Chris Pine Reportedly Closes "Wonder Woman" Deal
It’s been awhile since we last heard anything about Hope Larson’s A Wrinkle in Time adaptation, but last week on her blog the cartoonist revealed not only the cover, above, but also that the book is done and will be out in October.
“The book’s finished!” she wrote. “Inked, lettered, colored (by Dicebox‘s Jenn Manley Lee), copyedited and probably somewhere overseas being printed. It will be out on October 2nd through Farrar, Straus and Giroux, and I’ll be here and there promoting it. Stay tuned!”
It’s just one of several projects she gives an update on, as she also has a project with Tintin Pantoja and short film in the works. Head over to her blog to read all about them.
I’m slightly hesitant to even bring it up given what a bizarre, unnecessarily nasty clusterfuck our last comment thread on the topic became, but one project I’ve been tracking with great interest is cartoonist Hope Larson’s adaptation of Madeleine L’Engle’s classic science fiction novel A Wrinkle in Time. That’s why I was so struck by John Scarff’s report on the Hope Larson spotlight panel at last weekend’s WonderCon 2011:
Having been met by a few audible gasps when she mentioned that she would be adapting A Wrinkle in Time earlier in the panel, Larson explained how her involvement in the project came about. Jokingly referring to “a dinky little interview” a year ago when she suggested that it would be the only other author’s work she could see her self adapting, she was contacted by the publisher and the estate of Madeleine L’Engle. “I just can’t imagine a book that fit me as well as that one,” she said. “I wanted to be the one who was gonna screw it up.”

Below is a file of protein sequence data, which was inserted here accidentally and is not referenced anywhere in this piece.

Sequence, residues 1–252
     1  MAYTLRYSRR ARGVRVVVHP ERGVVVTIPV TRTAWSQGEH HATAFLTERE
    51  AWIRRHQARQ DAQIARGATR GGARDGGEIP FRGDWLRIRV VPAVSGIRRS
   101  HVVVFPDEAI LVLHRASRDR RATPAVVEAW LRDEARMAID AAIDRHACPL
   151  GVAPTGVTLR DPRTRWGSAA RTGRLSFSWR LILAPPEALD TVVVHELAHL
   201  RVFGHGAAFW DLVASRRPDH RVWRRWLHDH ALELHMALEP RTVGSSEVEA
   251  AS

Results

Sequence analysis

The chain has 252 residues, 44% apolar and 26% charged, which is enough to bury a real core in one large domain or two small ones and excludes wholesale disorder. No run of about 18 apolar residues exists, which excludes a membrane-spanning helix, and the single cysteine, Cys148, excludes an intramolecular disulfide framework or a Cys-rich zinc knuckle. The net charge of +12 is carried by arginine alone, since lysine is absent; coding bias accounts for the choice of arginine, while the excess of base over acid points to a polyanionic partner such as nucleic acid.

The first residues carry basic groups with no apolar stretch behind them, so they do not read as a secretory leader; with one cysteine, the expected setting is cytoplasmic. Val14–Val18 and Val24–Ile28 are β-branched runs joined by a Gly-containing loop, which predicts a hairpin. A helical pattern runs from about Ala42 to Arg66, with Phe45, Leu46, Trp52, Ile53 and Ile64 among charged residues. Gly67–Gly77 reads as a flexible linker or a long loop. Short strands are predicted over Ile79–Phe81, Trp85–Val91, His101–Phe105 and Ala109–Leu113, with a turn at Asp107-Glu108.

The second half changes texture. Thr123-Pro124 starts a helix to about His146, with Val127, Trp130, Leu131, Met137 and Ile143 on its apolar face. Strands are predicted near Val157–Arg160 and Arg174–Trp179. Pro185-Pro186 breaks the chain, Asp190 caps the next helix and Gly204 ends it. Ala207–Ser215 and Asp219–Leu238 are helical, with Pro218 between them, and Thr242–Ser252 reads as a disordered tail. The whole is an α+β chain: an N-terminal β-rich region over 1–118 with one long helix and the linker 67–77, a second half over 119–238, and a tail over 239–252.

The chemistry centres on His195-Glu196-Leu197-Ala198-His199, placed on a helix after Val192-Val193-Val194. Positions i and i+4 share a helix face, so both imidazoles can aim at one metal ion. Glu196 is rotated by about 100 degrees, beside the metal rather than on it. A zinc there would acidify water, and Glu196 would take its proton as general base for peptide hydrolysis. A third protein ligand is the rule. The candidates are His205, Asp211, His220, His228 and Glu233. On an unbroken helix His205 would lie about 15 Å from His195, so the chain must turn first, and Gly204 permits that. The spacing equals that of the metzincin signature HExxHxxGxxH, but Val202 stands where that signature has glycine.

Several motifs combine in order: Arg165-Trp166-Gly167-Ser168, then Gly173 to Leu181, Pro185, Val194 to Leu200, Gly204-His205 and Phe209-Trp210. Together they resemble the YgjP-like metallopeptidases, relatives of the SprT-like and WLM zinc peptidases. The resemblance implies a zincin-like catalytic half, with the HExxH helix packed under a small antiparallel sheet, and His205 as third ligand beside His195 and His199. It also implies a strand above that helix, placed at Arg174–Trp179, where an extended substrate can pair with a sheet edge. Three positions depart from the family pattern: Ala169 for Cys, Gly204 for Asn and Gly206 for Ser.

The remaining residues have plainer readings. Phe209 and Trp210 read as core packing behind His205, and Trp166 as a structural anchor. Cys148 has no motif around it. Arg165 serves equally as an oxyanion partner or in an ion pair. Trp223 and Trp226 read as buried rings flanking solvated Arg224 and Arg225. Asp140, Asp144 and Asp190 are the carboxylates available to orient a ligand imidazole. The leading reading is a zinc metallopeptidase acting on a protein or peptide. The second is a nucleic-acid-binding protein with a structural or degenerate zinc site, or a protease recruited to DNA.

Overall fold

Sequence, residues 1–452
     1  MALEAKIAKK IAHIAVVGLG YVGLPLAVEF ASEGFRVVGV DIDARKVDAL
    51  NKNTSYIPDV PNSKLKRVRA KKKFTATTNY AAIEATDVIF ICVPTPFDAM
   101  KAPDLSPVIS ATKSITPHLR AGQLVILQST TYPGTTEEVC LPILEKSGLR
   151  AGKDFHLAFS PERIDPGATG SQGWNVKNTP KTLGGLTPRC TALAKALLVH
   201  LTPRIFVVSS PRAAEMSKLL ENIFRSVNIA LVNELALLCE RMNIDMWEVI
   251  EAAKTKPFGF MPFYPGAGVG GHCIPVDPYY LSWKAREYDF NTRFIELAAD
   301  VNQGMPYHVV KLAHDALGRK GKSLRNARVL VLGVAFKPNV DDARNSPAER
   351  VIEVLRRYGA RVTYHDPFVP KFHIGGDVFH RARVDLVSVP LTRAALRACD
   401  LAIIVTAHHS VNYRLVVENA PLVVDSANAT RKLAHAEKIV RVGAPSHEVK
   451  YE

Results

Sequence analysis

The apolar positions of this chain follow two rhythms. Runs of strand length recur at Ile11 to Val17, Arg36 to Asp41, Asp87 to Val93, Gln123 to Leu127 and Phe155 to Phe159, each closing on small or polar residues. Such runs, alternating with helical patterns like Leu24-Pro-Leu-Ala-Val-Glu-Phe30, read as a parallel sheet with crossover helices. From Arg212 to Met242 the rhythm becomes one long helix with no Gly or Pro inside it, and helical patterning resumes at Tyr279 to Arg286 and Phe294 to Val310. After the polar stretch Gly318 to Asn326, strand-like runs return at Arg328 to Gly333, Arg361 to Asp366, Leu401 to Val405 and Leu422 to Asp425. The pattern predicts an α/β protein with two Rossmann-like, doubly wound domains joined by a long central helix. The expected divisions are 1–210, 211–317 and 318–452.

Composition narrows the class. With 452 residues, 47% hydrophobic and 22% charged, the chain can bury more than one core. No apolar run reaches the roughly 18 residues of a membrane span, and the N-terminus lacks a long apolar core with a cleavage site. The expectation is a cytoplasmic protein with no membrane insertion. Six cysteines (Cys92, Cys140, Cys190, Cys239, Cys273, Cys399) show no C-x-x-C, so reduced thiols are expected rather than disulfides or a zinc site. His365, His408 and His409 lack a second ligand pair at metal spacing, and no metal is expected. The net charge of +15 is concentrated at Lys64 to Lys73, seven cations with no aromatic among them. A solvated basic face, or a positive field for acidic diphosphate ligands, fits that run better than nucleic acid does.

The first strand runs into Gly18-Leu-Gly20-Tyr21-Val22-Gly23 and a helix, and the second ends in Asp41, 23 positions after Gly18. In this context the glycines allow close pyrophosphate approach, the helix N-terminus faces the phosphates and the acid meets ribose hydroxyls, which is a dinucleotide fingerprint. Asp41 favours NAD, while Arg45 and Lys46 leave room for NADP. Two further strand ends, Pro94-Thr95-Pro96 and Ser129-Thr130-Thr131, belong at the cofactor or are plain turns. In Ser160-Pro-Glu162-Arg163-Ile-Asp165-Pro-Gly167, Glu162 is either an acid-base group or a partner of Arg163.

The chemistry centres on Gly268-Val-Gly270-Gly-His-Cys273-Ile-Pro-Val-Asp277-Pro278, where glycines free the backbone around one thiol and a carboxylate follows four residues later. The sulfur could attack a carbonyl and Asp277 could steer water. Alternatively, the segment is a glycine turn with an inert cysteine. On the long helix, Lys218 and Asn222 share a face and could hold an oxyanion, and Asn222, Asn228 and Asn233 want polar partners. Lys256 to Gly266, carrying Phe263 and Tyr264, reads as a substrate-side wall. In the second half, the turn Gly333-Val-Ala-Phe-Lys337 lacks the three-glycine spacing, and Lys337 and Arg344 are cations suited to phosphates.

From Larson’s lips to God’s ears, apparently! I’m always delighted by stories about creative enterprises coming about in so fortuitous a fashion; I feel like it’s a good omen for the resulting work. Fingers crossed!
If you’re one of those people who know that there is such a thing as a tesseract, then you’re in for a treat: Above is cartoonist Hope Larson’s take on Meg Murry, one of the young heroes of Madeleine L’Engle’s beloved science-fiction classic A Wrinkle in Time. Larson’s adaptation of the book for Farrar, Strauss and Giroux is slated to debut in Fall 2012, clocking in at a whopping 392 pages. Visit Larson’s blog for more on the book and this piece, from the bruise on Meg’s face to the reason you won’t be seeing her in this outfit in the book itself.
Great news for fantasy fans: Mercury cartoonist Hope Larson has announced on her Twitter account that she will be adapting Madeleine L’Engle’s classic SFF novel A Wrinkle in Time as a graphic novel.
It’s been a while since I read the book — “a while” meaning “not since elementary school” — but I recall the story of a group of children’s interstellar search for their missing scientist father via the use of folds in the spacetime-continuum called “tesseracts” as being dazzlingly smart, imaginative, and at times dark. I believe the planet Camazotz was the first dystopia I ever encountered in literature. (I always suspected IT was the inspiration for the landmark Orb song “A Huge Ever Growing Pulsating Brain That Rules from the Centre of the Ultraworld,” too.) The book racked up awards upon its 1962 release and launched L’Engle’s four-book “Time Quartet.”
For her part, Larson seems aware of the heady legacy she’s tinkering with. “According to my editor, Margaret Ferguson, L’Engle never wanted her books to be illustrated,” she tweeted. “I’m doing my best not to screw it up.”